The trail then undulates steeply over friable, geothermally altered terrain, and passes close to the nose of a glacier on Jökultungur Mountain. Here it begins to drop, undoubtedly like your jaw when you first see the Tolkienesque Álftavatn Valley spread out below. Resplendent in a thousand shades of green, a startling contrast to the barrenness of the rhyolite mountains, it is ringed by glaciers, and dormant volcanoes rise from the landscape like ancient pyramids. From here you get your first view of Eyjafjallajökull, one of the smaller Icelandic ice caps but now one of the best-known, as it covers the caldera of the volcano which erupted violently in 2010 wreaking havoc on European air traffic. Nearby is its big sister, Katla, which is apparently overdue an eruption to make that of Eyjafjallajökull look like a poor dress rehearsal.
A very steep zig-zag path delivers us to the emerald-green valley floor, where the trail initially follows the bank of the Grashagakvisl River which needs to be crossed (often waded), before leading to the hut and camping ground above the Lake Álftavatn. This site offers lots of space for campers, but it is very exposed to the wind and it might not always be advisable to pitch your tent here, but to progress to Hvanngil a few kilometres further on which offers a more sheltered alternative. Álftavatn means 'Whooper swan Lake', and although we do not spot any birds, there are other flying things here: thousands of midges. Although they are annoying, they don't bite. There's a bar and café at Álftavatn, but the initial elation at seeing cans of cold beer is soon dampened when realising the price: €10 per can!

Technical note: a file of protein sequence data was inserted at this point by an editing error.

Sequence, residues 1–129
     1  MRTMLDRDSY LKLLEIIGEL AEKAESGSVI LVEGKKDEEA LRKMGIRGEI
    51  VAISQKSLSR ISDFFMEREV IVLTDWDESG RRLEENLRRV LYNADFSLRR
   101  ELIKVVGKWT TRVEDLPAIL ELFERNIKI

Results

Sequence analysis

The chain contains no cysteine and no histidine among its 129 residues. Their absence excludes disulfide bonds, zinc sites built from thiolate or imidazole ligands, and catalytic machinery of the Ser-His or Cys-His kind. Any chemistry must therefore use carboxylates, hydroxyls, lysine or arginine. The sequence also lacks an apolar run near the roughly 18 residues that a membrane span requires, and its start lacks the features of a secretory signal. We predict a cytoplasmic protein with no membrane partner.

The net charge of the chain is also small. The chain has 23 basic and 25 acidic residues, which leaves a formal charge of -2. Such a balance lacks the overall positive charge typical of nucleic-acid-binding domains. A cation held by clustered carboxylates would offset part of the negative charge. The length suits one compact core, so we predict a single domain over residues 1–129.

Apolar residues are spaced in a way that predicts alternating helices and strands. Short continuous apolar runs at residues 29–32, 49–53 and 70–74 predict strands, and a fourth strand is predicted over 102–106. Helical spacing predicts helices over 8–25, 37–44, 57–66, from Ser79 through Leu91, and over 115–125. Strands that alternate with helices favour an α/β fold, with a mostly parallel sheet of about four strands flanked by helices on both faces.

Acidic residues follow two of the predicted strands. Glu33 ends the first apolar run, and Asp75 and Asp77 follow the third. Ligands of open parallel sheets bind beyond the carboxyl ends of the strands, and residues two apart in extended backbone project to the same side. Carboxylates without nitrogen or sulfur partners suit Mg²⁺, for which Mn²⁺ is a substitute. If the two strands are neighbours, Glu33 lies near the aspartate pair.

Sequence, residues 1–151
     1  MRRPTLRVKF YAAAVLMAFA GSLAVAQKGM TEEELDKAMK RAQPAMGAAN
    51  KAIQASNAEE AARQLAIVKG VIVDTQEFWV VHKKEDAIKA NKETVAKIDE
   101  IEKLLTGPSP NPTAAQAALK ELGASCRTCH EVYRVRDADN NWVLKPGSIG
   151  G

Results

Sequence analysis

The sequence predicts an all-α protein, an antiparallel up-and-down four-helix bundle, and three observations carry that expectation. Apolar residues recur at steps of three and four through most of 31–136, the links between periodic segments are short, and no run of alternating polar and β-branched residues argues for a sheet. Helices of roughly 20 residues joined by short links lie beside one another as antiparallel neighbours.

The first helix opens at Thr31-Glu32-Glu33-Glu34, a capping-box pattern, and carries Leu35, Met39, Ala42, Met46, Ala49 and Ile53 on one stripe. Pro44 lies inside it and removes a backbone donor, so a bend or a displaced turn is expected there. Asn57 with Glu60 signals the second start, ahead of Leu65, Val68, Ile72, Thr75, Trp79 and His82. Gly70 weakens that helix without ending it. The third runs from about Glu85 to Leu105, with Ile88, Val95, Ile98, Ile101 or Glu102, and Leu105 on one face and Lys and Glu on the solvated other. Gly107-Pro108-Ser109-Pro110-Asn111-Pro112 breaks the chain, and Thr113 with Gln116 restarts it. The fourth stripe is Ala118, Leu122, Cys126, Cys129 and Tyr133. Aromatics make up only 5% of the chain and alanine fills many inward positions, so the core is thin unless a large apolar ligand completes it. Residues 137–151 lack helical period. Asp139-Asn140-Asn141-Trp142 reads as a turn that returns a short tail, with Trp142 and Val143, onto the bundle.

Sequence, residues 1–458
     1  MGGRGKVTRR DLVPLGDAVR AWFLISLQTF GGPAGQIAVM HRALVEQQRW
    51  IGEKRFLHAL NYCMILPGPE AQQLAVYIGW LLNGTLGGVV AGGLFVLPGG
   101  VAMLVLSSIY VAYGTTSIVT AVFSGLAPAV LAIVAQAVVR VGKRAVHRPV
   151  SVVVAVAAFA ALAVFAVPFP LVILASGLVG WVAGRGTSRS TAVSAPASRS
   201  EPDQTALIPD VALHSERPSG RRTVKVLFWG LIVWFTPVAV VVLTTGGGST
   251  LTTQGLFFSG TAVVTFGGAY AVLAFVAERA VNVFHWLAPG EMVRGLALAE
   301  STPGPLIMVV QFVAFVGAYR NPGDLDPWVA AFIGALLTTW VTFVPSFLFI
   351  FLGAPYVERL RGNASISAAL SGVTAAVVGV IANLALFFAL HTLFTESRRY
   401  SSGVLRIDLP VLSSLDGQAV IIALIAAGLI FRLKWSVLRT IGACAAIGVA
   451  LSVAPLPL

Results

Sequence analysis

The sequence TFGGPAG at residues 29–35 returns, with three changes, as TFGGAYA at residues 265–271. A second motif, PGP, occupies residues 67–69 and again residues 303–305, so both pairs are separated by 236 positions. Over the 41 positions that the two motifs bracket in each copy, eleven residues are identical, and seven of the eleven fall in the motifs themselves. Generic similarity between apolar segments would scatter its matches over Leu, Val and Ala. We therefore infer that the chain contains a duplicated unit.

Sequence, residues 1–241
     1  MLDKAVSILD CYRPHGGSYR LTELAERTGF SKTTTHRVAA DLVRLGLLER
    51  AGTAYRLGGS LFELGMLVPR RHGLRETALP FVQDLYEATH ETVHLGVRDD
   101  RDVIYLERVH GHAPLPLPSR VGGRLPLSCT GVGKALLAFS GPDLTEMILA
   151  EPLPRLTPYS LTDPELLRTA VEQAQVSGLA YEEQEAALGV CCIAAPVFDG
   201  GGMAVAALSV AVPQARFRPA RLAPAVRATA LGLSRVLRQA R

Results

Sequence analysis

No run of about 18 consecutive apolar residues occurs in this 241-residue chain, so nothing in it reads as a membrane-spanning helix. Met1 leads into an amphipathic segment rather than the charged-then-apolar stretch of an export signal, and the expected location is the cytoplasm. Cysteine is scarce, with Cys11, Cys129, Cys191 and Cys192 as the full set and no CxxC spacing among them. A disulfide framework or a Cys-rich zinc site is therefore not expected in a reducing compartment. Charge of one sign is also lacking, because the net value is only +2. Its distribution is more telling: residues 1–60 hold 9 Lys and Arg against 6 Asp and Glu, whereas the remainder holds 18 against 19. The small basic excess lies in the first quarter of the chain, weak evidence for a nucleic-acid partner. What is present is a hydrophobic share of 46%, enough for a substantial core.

As sunset approaches, a wander towards the shore of the lake is rewarded by the sight of Illasula volcano silhouetted like a giant pyramid against the snows of Tindfjallajökull blushing rose-pink in the setting sun.
Day Three: Álftavatn to Emstrur (6-7 hours, 15km)
We open our tent flaps to be greeted by the sight of cloud rolling across the tops of the nearby mountains like a slow tsunami. There isn't much overall change in elevation along today's stretch of the trail, but there are a few river crossings including the Bratthálskvisl, encountered about 20 minutes from the hut. When in spate this can be very fast flowing and deep, but today the bitterly cold water only reaches my mid-shin. A steep descent brings us to the Hvanngil ravine, a pretty valley frequented by shepherds where there's also a trekkers' hut and campsite.
Soon after, we cross the bridge spanning the mighty Kaldaklofskvísl River near the boundary of the Katla Geopark where the trail splits in two. The section marked Emstrur and Þórsmörk runs almost parallel to the F261 highland road. The Blafjallakvisl River flowing off the nearby Mýrdalsjökull ice cap must be waded, and it's at least 10 metres wide, deep, fast flowing, ice-cold, and provides a sharp demarcation in the landscape.